This is our hotly-anticipated first ever Comic Relief Special. In it, there's stuff about Comic Relief. And about alcoholics and their red noses, which we link to Comic Relief. Alan receives some interesting charitable pledges via one of his growing number of websites dedicated to his hatred of Scott, and in this same Comic Relief spirit of violence we discuss the need for different versions of the I.R.A. and what Glaswegians might think of all the chalk outlines of bodies appearing on their streets in recent weeks.

We also introduce our first musical guest from Glasgow, the haunting Chris Flew, and give you another one of Alan's deeply insightful reviews of the Watchmen movie. Keep those pledges coming...

Tuesday, 10 March 2009

Our Comic Relief Special

I bet you can't wait.

Never mind Friday's packed show involving a host of "celebrities" pretending tragically to be apprentices or skilled at dancing. As you'll know by now, we've got Mr. T, and tonight we'll be recording our own Comic Relief Special Podcast. All going well, it should be available tomorrow and I'll let you know once it's up.

Be prepared to learn the real story behind Red Nose Day.

Be prepared to listen to Mr. T pity the fools who think it's all about the kids and the sick.


Monday, 9 March 2009

The Killers at SECC Glasgow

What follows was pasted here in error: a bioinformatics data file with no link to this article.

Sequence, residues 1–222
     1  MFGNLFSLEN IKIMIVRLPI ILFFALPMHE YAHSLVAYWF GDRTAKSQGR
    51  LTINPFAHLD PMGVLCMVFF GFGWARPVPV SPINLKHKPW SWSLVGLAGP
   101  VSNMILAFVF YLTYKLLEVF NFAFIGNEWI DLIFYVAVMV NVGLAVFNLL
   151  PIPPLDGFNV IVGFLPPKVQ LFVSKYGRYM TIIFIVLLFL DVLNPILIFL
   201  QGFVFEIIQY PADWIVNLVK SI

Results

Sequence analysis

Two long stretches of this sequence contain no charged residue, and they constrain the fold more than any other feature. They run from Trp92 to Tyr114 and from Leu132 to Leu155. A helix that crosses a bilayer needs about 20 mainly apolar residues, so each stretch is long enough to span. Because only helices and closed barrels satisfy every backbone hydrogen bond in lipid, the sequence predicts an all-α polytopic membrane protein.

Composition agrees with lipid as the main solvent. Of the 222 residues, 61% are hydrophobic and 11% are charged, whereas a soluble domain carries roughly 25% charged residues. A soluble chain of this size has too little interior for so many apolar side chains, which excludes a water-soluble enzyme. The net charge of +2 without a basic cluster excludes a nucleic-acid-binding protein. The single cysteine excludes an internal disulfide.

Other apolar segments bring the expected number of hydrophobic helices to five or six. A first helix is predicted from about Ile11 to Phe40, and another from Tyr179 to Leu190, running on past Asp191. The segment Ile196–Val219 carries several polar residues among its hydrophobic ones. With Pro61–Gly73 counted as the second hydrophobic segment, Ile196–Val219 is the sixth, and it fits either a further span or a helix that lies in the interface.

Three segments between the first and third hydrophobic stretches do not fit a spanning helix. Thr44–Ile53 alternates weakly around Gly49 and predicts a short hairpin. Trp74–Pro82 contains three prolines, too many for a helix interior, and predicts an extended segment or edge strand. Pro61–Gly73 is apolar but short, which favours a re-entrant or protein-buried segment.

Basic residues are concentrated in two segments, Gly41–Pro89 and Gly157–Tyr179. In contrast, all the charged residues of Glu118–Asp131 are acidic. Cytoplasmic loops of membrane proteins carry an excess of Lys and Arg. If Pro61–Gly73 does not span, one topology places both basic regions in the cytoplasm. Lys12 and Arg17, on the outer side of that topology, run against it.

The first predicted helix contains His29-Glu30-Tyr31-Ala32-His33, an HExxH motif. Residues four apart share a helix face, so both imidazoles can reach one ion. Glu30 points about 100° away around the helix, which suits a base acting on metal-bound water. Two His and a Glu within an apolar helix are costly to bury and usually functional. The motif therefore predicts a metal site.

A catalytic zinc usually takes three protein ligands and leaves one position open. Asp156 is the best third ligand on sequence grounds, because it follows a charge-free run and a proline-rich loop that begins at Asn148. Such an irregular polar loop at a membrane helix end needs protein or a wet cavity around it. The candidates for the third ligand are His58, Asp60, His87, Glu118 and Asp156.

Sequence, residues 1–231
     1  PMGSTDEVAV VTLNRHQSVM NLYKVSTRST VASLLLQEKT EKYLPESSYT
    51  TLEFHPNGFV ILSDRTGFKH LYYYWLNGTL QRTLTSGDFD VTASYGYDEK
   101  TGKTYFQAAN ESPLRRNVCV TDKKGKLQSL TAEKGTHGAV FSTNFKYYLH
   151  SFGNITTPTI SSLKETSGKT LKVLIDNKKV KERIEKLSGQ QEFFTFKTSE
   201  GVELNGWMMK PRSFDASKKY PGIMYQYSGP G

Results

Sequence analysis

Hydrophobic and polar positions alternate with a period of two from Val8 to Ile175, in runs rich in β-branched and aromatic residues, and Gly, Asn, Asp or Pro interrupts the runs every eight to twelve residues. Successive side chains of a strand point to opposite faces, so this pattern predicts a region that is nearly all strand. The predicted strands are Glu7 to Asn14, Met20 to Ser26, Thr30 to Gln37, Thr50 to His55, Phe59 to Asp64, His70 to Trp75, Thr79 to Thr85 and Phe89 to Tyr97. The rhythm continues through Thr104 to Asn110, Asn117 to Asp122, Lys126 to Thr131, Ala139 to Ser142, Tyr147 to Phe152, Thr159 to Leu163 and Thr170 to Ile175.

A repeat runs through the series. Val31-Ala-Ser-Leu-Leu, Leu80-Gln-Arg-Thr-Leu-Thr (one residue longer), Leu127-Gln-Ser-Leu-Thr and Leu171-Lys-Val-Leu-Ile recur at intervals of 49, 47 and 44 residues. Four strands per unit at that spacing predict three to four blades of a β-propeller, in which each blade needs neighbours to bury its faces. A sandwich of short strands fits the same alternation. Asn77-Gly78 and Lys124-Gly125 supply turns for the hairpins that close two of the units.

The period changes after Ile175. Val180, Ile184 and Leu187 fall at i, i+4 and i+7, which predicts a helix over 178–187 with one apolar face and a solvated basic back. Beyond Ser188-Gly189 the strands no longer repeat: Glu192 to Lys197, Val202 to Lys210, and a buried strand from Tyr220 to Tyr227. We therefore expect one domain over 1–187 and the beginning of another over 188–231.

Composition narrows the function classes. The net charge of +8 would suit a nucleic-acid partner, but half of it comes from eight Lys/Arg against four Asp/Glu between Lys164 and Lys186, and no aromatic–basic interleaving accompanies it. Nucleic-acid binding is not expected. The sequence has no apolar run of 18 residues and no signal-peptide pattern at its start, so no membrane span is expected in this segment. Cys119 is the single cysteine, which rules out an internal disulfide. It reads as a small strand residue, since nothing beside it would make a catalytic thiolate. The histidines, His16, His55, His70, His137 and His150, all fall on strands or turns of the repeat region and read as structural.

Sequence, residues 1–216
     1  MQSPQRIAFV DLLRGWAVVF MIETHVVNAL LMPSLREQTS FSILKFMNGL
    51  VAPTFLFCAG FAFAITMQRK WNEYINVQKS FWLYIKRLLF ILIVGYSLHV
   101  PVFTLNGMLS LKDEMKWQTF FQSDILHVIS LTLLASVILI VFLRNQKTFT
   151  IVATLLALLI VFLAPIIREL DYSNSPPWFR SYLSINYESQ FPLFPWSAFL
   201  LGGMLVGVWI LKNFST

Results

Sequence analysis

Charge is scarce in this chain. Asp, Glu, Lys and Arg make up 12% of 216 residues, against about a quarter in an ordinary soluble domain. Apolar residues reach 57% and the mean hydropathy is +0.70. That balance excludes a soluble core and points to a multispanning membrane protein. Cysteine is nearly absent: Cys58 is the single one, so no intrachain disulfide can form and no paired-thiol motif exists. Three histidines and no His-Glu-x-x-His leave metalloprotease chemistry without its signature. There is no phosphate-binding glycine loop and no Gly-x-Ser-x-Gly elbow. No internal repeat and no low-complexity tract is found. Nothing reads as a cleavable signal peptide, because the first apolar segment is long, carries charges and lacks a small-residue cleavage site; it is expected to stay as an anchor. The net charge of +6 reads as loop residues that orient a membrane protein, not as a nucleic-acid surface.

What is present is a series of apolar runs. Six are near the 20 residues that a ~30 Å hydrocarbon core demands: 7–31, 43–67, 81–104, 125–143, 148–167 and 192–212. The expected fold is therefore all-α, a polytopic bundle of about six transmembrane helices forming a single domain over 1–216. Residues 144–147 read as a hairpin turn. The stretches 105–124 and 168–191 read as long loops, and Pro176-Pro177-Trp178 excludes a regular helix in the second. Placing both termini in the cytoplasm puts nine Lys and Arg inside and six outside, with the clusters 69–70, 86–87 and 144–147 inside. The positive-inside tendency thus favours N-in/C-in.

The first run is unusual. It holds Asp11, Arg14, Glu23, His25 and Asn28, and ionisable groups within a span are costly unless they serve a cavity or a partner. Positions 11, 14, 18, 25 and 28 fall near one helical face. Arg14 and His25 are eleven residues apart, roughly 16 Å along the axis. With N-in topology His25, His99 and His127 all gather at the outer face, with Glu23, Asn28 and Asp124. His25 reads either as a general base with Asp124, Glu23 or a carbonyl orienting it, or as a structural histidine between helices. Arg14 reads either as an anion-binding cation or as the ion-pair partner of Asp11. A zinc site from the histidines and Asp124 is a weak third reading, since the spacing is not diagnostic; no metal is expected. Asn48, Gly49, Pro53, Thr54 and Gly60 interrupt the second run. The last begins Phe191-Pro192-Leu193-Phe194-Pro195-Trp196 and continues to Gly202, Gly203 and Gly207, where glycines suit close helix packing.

Superb gig on Friday night.

Turned up. Had a hotdog. Tomato sauce & mustard. Watched Louis XIV tear it up as usual (although I prefer them in a smaller venue as they're not yet used to the big stage). Then watched the Killers, your man Flowers beginning to look more comfortable on stage.

And I watched the p*ss getting taken out of a guy in front of us, as he was dancing like the Bear in the Big Blue House. And then there was a technical fault when the background track stopped. And then I jumped on stage and talked about For The Love of G...lasgow. And then the crowd boo'd and I was beaten up by security staff. And then I had another hotdog. And then your man Flowers thanked the crowd for being the best in the world. And then I said "you're welcome", but he didn't hear me. And then I went home.

You know, just the usual.

Gigs in Glasgow just can't be beaten. Take away all the nonses who miss half the gig trying to catch it on their mobile phones, the YouTubes, and they'd be perfect. I've written about this before on the site. Coming up in Glasgow I've got Metallica, Joe Bonamassa, U2, Bruce Springsteen and whole load of smaller gigs in between.

This is why in these here parts they call me The Great Glaswegian Man of Music.

They don't really though.

Friday, 6 March 2009


As I suggested on Twitter yesterday, I think I've become addicted to Twittering.